The First Solo
Although the physics of flight have not changed since the very early days of the Wright brothers, modern pilots are faced with an entirely different set of challenges when compared to our forefathers. The most challenging of these is the ability to switch seamlessly between the skill sets required for the basic aviator to those of the advanced systems manager. Fortunately, during the initial phase of your flight training, the complicated electronic Flight Management Systems aren’t really a priority, and the focus is mainly on the basic handling of the aircraft.
As training progresses you approach your initial solo flight and come to realise that even the most basic of training aircraft have some systems that need to be understood and managed. At first, it might feel as if you will never get to grips with everything required to be sent on that most rewarding and unforgettable experience called the Initial Solo.
Finally, the big day arrives and you pitch up at the airport an hour before your scheduled flight time, ready and eager. You diligently start completing the paperwork for the flight, from the authorisation sheet to the weight and balance for the dual and solo portions of the flight, a quick glimpse through the latest NOTAM’s just in case something changed overnight. With each stroke of the pen, as the minutes draw closer to the departure time, you find yourself making more and more frequent trips to the toilet as the nervous tension builds. After what seems like a lifetime, the moment has arrived and there is no more turning back.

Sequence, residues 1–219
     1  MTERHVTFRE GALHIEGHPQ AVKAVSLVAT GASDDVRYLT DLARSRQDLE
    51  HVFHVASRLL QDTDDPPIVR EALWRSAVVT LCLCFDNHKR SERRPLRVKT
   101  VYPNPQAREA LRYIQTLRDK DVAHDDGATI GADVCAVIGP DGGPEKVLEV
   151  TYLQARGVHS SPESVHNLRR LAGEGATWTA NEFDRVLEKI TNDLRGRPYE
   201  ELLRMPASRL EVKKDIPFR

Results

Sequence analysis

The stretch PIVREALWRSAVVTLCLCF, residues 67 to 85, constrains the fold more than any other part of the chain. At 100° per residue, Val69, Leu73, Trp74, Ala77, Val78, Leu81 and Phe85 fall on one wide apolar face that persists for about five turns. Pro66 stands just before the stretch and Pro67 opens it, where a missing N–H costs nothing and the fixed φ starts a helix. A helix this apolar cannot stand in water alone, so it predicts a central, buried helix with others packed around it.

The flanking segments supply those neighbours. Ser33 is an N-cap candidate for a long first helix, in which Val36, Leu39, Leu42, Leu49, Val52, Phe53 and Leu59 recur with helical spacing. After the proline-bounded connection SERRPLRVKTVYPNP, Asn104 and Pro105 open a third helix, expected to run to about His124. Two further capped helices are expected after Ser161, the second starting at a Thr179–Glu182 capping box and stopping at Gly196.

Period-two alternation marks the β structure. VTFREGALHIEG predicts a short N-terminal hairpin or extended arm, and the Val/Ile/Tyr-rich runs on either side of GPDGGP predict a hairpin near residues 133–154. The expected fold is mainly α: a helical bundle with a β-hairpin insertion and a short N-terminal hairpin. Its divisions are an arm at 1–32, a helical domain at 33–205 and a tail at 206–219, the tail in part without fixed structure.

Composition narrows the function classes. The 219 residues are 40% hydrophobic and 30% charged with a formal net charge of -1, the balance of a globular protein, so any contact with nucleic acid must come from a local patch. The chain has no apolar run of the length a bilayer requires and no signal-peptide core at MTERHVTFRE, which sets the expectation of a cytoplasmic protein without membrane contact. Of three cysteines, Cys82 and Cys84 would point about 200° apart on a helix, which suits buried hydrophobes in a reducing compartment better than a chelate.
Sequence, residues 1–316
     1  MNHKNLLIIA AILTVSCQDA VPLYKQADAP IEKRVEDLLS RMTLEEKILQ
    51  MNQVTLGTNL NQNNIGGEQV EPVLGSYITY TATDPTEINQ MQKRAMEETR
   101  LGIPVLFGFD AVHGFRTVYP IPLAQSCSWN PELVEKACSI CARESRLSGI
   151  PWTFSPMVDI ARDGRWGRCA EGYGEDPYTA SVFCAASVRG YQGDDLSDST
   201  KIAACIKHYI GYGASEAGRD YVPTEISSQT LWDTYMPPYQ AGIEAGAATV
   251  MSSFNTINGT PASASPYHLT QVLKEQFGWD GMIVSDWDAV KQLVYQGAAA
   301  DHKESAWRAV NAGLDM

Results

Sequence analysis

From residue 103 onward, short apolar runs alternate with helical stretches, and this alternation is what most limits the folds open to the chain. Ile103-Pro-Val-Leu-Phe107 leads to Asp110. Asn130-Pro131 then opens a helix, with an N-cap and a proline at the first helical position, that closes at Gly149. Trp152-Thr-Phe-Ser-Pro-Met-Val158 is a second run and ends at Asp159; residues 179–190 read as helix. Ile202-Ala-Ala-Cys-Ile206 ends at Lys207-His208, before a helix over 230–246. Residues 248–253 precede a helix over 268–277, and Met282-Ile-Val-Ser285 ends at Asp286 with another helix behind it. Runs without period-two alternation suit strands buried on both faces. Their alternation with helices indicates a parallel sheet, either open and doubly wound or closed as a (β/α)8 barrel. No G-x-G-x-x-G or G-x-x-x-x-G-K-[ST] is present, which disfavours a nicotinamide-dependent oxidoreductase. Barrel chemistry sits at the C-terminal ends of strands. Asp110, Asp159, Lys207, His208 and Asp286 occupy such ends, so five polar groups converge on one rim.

The check instructor diligently and calmly briefs you on the process to be followed and the requirements to be successful with the check. Pre-flight checks complete, After start checks done, you make the radio call to request taxi instructions, like many a time before except this time it feels as if the Sahara desert has wound up in your mouth. The rest of the dual flight goes off without a hitch and with each circuit your confidence grows in leaps and bounds until your instructor says right makes the next one a full stop, at which time you think to yourself have I messed up at any point during the past 5 circuits.
Another uneventful landing goes by and you find yourself taxiing back to the hangar in a somewhat quiet and uncomfortable environment, until the intercom springs to life, and you get asked a list of seemingly obvious sounding questions, such as what happens to the stall speed with a lighter aircraft? At what speed should you approach with a lighter aircraft? Just as you ready yourself to commence with the shut-down checks, you hear the words, “Right why not go try one on your own…….”
You are now feeling fairly invincible like Tom Cruise from Top Gun, and call up the tower again for taxi instructions for an initial solo. As the aircraft taxis towards the holding point for the active, you now start wondering “what if I screw this up” and that uncomfortable feeling grows in the pit of your stomach. As take-off power is applied, the nerves start to disappear as your training kicks in. Somewhere around the mid-down-wind leg of your circuit, as you start feeling very comfortable on your own, radio call made, checklists completed, you break out in song. On the final approach, you receive your landing clearance and complete one of the best landings of your life. As you clear the runway and call for taxi clearance, you are greeted with a congratulations from the tower, along with the words “That is one of the best renditions of I believe I can fly” that they have heard in a long time. With a bashful read back you realise that in all your excitement on the down-wind leg you forgot to release the push to talk and everybody on the frequency at the time heard your song.
Article by Brendon Lubbe – Chief Flight Instructor